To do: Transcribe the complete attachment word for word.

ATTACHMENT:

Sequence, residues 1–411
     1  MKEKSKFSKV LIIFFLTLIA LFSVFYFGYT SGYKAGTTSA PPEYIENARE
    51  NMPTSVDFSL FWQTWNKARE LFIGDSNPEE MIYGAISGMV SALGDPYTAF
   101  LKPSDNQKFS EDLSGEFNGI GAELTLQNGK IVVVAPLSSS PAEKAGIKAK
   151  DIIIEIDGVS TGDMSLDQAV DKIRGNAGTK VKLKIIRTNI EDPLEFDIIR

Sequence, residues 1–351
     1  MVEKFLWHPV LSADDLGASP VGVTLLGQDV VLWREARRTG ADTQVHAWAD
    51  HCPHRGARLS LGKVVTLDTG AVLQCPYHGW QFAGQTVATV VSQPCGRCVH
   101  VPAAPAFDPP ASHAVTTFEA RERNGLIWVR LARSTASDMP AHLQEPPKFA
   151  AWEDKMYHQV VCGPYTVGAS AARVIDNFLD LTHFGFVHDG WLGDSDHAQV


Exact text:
Sequence, residues 1–411
     1  MKEKSKFSKV LIIFFLTLIA LFSVFYFGYT SGYKAGTTSA PPEYIENARE
    51  NMPTSVDFSL FWQTWNKARE LFIGDSNPEE MIYGAISGMV SALGDPYTAF
   101  LKPSDNQKFS EDLSGEFNGI GAELTLQNGK IVVVAPLSSS PAEKAGIKAK
   151  DIIIEIDGVS TGDMSLDQAV DKIRGNAGTK VKLKIIRTNI EDPLEFDIIR

Sequence, residues 1–351
     1  MVEKFLWHPV LSADDLGASP VGVTLLGQDV VLWREARRTG ADTQVHAWAD
    51  HCPHRGARLS LGKVVTLDTG AVLQCPYHGW QFAGQTVATV VSQPCGRCVH
   101  VPAAPAFDPP ASHAVTTFEA RERNGLIWVR LARSTASDMP AHLQEPPKFA
   151  AWEDKMYHQV VCGPYTVGAS AARVIDNFLD LTHFGFVHDG WLGDSDHAQV